You would be better off saving your money for a Hardy or Millennia. Both are trusted units that have good headroom, sound clean, and are low noise.
Thanks for the tip regarding headroom on the Sytek, John. I've been offered a good deal but I guess I'll be skipping it then. I'm taking your advice very seriously and I have to say that your foley stuff is absolutely gorgeous! Great work! Will see what I can do in order to get hold of a Hardy or a Millennia.
Cheers.
Old 20th December 2010
  #26
Quote:
Originally Posted by Henchman View Post
Get a better, high headroom Mic-pre.
I've always had the best success with the John Hardy M1's.
Those those things can go well into the red, and still sound great.
+1 for Hardy M1's.. and I also use a 2nd/slightly distant mic as a safety catch as mentioned by others in this thread as well.
Old 20th December 2010
  #27
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Vytis's Avatar
Anybody have experience with D.A.V. Broadhurst Gardens pres for ADR or foley? Sort of a British 'John Hardy'. Some seriously prefer it over the Millennia for transparency.
Old 21st December 2010
  #28
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santacore's Avatar
Vytis, thank you for the kind words, I do appreciate it.

The Sytek is a decent preamp, but not ideal for your purpose. Save your money and buy something that's proven to work. That way you don't have to waste time and money on the gear merry-go-round.

The DAV has definitely gotten some praise, unfortunately mostly by music people. A few people have said it's a bit noisy, which was a concern to me. The bottom line is you won't know until you try one. If you can, try to rent one before buying. I'm sure it's a good unit, but perhaps not the best for ADR.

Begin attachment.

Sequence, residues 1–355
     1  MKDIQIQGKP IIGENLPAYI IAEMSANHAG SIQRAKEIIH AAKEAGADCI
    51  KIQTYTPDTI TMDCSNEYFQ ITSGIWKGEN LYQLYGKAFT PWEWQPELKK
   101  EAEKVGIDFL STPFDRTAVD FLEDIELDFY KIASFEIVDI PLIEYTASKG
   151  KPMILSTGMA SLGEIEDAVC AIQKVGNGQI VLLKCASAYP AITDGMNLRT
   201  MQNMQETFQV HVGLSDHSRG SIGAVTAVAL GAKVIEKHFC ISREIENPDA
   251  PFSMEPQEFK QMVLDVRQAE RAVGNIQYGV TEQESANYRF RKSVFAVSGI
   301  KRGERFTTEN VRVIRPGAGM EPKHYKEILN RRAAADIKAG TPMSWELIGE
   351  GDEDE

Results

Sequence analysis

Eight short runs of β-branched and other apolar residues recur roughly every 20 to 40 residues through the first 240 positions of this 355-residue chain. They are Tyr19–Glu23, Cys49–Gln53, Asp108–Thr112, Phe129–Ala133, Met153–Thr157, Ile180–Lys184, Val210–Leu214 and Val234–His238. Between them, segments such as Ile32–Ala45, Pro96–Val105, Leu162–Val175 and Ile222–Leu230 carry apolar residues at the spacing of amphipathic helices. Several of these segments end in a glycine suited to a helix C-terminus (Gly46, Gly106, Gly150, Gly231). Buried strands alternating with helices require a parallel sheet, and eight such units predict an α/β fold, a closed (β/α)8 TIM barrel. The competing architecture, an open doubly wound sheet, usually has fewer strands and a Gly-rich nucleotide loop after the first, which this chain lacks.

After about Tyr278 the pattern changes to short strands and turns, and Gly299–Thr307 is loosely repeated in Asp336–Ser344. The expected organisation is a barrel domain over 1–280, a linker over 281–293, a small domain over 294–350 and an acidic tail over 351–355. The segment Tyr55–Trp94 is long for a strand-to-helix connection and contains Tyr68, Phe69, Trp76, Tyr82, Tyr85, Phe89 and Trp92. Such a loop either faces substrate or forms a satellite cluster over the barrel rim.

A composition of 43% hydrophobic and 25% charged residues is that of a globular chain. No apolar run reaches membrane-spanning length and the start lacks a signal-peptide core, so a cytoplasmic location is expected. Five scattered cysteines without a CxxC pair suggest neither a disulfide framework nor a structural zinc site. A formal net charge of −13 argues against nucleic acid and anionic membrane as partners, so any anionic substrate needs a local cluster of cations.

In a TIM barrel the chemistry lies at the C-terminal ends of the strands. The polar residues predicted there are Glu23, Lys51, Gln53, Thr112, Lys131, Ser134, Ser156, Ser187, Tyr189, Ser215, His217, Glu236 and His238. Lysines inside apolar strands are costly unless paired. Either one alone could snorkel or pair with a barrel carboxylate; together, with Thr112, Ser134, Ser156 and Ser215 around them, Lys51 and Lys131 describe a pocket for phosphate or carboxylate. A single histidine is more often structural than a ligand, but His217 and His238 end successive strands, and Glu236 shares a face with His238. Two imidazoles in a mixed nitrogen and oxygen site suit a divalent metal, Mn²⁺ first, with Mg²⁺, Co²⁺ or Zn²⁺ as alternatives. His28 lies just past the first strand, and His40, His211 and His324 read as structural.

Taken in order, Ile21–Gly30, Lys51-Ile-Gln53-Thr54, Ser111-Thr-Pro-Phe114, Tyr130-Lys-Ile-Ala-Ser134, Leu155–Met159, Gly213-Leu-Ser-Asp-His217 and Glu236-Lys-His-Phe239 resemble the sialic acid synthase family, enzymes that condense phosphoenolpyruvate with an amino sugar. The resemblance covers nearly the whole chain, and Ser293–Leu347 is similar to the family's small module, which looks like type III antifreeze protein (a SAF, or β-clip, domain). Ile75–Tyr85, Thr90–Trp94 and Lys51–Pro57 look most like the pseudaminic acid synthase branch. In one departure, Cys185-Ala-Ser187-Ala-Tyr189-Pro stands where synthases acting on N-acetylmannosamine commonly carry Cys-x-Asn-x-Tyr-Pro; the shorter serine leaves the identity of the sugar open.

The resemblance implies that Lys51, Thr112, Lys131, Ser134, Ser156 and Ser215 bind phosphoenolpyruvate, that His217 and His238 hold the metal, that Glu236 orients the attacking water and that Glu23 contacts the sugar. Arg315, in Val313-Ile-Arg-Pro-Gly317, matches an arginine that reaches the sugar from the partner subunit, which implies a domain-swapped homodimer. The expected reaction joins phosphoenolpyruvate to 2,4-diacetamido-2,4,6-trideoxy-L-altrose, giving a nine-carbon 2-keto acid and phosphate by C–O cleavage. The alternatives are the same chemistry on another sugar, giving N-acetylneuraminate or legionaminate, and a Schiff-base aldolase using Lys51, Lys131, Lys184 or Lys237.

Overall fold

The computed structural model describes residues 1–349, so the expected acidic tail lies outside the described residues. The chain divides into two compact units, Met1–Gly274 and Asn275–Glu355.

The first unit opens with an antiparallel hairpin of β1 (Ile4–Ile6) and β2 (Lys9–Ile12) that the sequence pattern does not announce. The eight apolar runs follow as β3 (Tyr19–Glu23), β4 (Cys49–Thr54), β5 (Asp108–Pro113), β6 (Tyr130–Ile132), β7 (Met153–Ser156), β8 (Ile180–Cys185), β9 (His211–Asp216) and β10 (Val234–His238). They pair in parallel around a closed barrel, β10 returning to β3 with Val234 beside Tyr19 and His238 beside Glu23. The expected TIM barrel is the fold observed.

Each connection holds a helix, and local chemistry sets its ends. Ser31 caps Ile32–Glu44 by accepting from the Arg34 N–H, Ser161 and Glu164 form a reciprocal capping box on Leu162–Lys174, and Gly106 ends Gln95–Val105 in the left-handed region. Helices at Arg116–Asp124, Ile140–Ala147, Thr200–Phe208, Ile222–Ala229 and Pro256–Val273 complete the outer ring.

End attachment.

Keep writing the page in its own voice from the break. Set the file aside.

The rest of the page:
Old 26th December 2010
  #29
I have a DAV and I like it very much on VO / ADR, usually in combination with a U87 or a 416. I would describe its sound as "alive", with a lot of depth.
I never had an issue with noise on these recordings at all. The headroom could be a bit larger, but as long as you record at 24 bits and use conservative levels you will not run into any problems, even when recording loud screams.
As far as processing is concerned, I always have a comp and EQ in my chain for some very slight corrective processing on the way in. When I know that I will be mixing, I may even apply a bit more.
Old 26th December 2010
  #30
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ggegan's Avatar
For any of the ADR mixers who use processing while recording, I would encourage you to think about something:

When you process the ADR, you are altering the cues in ways that are impossible, or at least extremely difficult to undo at a later stage. You are making this decision using a monitoring system that is likely very different from the one that will be used during the mix, in a very different environment, and you are not listening to the dialog in its real context. Many times you are attempting to match lines that are not the final version that will be in the mix, because often they are transfers of composites of the boom and lav. In other words, you are making a decision in a relative vacuum that will tie the hands of the rerecording mixer later.

There is absolutely no reason for you to compress or EQ the ADR, other than perhaps have a high pass somewhere below 80Hz. It can, and should be left for the rerecording mixer to make the decision as to how much and what type of processing is required.

If you will be the rerecording mixer, then that may be a different matter, but if you are delivering the lines for others to mix, I strongly recommend that you concentrate on mic choice and placement, and leave the processing for later.